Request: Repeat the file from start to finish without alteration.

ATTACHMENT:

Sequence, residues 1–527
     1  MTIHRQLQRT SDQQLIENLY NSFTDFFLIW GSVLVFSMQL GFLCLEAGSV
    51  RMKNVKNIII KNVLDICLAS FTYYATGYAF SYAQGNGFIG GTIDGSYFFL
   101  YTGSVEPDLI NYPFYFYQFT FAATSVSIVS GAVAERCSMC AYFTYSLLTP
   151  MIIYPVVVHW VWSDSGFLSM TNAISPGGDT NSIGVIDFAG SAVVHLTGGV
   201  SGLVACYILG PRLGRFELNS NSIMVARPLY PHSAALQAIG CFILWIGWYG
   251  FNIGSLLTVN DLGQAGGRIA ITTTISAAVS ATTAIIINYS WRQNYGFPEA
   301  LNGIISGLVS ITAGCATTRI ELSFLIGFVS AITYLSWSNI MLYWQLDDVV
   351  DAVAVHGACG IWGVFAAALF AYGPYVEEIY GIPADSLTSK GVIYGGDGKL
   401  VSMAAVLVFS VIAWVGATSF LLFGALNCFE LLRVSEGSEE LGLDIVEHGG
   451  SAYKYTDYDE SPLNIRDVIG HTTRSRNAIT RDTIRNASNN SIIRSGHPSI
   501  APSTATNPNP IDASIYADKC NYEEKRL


Sequence, residues 1–527
     1  MTIHRQLQRT SDQQLIENLY NSFTDFFLIW GSVLVFSMQL GFLCLEAGSV
    51  RMKNVKNIII KNVLDICLAS FTYYATGYAF SYAQGNGFIG GTIDGSYFFL
   101  YTGSVEPDLI NYPFYFYQFT FAATSVSIVS GAVAERCSMC AYFTYSLLTP
   151  MIIYPVVVHW VWSDSGFLSM TNAISPGGDT NSIGVIDFAG SAVVHLTGGV
   201  SGLVACYILG PRLGRFELNS NSIMVARPLY PHSAALQAIG CFILWIGWYG
   251  FNIGSLLTVN DLGQAGGRIA ITTTISAAVS ATTAIIINYS WRQNYGFPEA
   301  LNGIISGLVS ITAGCATTRI ELSFLIGFVS AITYLSWSNI MLYWQLDDVV
   351  DAVAVHGACG IWGVFAAALF AYGPYVEEIY GIPADSLTSK GVIYGGDGKL
   401  VSMAAVLVFS VIAWVGATSF LLFGALNCFE LLRVSEGSEE LGLDIVEHGG
   451  SAYKYTDYDE SPLNIRDVIG HTTRSRNAIT RDTIRNASNN SIIRSGHPSI
   501  APSTATNPNP IDASIYADKC NYEEKRL